large installed base of local network equipment that is difficult to
   upgrade with new features.  Hence the second mechanism should support
   being able to designate resolvers using only existing widely-deployed
   DNS features.

3.2.  Local addressing

   Many networks offer a Do53 resolver on an address that is not
   globally meaningful, e.g.  [RFC1918], link-local or unique local
   addresses.  To support the discovery of encrypted DNS in these
   environments, a means is needed for the discovery process to work
   from a locally-addressed Do53 resolver to an encrypted DNS resolver
   that is accessible either at the same (local) address, or at a
   different global address.  Both options need to be supported.

3.3.  Use of designation information

   After the client receives designation information, it must come to a
   decision on whether and when to use any of the designated resolvers.

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   In the case of resolver-identified designation, it would be
   advantageous for a solution to enable the client to validate the
   source of the assertion in some way.  For example it may be possible
   to verify that the designation comes from an entity who already has
   full control of the client's Do53 queries.  Network-identified
   designation should not require this, unless the network-identified
   resolver in turn initiated a new resolver-identified designation.  It
   would be beneficial to extend such a verification process to defend
   against attackers that have only transient control of such queries.

   Clients may also seek to validate the identity of the designated
   resolver, beyond what is required by the relevant protocol.  Authors
   of solution specifications should be aware that clients may impose
   arbitrary additional requirements and heuristics as they see fit.

3.4.  Network-identified designated resolvers

   DNS servers are often provisioned by a network as part of DHCP
   options [RFC2132], IPv6 Router Advertisement (RA) options [RFC8106],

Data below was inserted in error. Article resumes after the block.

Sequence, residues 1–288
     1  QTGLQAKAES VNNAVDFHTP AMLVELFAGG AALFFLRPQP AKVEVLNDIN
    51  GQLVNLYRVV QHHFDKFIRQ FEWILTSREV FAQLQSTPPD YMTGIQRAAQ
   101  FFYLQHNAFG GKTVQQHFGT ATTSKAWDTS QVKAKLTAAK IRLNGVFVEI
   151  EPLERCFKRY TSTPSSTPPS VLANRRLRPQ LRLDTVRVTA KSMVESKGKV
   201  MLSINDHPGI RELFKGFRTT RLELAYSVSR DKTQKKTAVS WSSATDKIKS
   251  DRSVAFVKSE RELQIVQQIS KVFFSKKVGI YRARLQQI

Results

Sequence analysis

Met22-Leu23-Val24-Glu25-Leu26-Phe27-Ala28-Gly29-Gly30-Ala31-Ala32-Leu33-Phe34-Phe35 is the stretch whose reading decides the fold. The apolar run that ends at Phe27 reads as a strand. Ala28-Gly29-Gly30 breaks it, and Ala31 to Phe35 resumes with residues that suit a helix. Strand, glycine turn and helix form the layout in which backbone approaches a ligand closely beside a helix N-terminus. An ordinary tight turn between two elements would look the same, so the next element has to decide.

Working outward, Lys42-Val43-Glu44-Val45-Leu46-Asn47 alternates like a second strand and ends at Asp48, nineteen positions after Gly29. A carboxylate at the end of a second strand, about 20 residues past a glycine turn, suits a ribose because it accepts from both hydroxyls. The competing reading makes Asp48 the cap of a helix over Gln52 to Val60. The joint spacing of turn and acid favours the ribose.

Point-to-Point Protocol (PPP) [RFC1877], or 3GPP Protocol
   Configuration Options (TS24.008).  Historically this is usually one
   or more Do53 resolver IP addresses, to be used for traditional
   unencrypted DNS.

   A solution is required that enhances the set of information delivered
   to include details of one or more designated encrypted DNS resolvers,
   or states that there are none.  Such resolvers could be on the local
   network, somewhere upstream, or on the public Internet.

3.5.  Resolver-identified designated resolvers

   To support cases where the network is unable to identify an encrypted
   resolver, it should be possible to learn the details of one or more
   designated encrypted DNS resolvers by communicating with the
   network's designated Do53 resolver.  This should involve an exchange
   that uses standard DNS messages that can be handled, or forwarded, by
   existing deployed software.

   Each resolver in the set may be at a different network location,
   which leads to several subcases for the mapping from Do53 to a
   particular designated resolver.

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3.5.1.  Local to local

   If the local resolver has been upgraded to support encrypted DNS, the
   client may not initially be aware that its local resolver supports
   it.  Discovering this may require communication with the local
   resolver, or an upstream resolver, over Do53.  Clients that choose to
   use this local encrypted DNS gain the benefits of encryption while
   retaining the benefits of a local caching resolver with knowledge of
   the local topology.

   Clients will be aware when the designated resolver has the same IP
   address as the Do53 (after looking up its name if required).  They
   can use this information in their decision-making as to the level of
   trust to place in the designated resolver.  In some networks it will
   not be possible to deploy encrypted DNS on the same IP address, e.g.
   because of the increased resource requirements of encrypted DNS.
   Discovery solutions should work in the presence of a change to a
   different local IP address.

   An additional benefit of using a local resolver occurs with IoT
   devices.  A common usage pattern for such devices is for it to "call
   home" to a service that resides on the public Internet, where that
   service is referenced through a domain name.  As discussed in
   Manufacturer Usage Description Specification [RFC8520], because these
   devices tend to require access to very few sites, all other access
   should be considered suspect.  However, if the query is not
   accessible for inspection, it becomes quite difficult for the
   infrastructure to suspect anything.

3.5.2.  Local to upstream

   It is frequently the case that Do53 resolvers announced by home
   networks are difficult to upgrade to support encrypted operation.  In
   such cases it is possible that the only option for encrypted
   operation is to refer to a separate globally-addressed encrypted DNS
   resolver, somewhere upstream.  Other networks may choose deploy their
   encrypted DNS resolver away from the local network, for other